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Role Of The Dopant Counter-ions In The Transport And Magnetic Properties Of Disordered Conducting Polymers
Published 1994 · Materials Science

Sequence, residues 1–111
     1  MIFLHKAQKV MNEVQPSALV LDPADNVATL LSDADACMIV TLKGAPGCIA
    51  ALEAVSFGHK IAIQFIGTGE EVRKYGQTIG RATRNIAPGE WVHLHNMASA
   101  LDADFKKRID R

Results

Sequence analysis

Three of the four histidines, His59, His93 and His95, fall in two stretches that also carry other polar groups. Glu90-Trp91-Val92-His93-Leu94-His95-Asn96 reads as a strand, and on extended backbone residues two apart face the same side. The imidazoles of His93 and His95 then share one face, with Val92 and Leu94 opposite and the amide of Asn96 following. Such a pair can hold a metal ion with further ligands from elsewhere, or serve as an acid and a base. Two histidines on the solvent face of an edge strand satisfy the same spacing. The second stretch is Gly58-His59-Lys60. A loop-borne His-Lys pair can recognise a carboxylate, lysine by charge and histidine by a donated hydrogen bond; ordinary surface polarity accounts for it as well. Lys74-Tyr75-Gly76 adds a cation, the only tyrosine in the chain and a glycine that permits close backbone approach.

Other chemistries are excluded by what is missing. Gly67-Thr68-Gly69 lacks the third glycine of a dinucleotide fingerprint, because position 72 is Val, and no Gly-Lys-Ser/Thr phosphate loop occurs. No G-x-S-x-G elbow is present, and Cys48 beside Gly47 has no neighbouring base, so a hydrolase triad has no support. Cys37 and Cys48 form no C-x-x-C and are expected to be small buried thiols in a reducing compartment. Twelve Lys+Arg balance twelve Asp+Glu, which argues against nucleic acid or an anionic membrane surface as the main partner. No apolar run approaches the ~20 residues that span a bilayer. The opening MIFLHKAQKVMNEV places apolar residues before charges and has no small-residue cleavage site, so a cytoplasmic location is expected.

Summary form only given. Disordered conducting polymers like polypyrroles or even some of the polyanilines contain generally short electroactive chains with conjugation lengths of a few ten monomers. Most of the electronic properties of these materials cannot be really understood in terms of quasi-one-dimensional models. i) Why in the fully doped materials the number of Curie spins is always lower than half the number of segments? ii) Why these disordered materials exhibit a Pauli-like component in their spin- susceptibility? iii) Why are the conductivities of all the fully doped materials roughly of the same order of magnitude (0.1 to 10 S/cm) independent of the micro structures and chain lengths? iv) Why the same value of the conductivity is found in thin films of doped oligomers? All these questions can be resolved if the interactions between the carriers and the dopant counter-ions are properly accounted for. It is then possible to derive a new interpretation of the spin-charge relation and of the so-called Curie and Pauli contributions to the susceptibility. Moreover the dopant ion is ultimately responsible for 3D localization through formation of transverse bipolarons connecting neighbour chains via enhanced tunnelling probability close to a counter-ion. Thus the hopping process through the disordered material can be revisited in relation with these new concepts.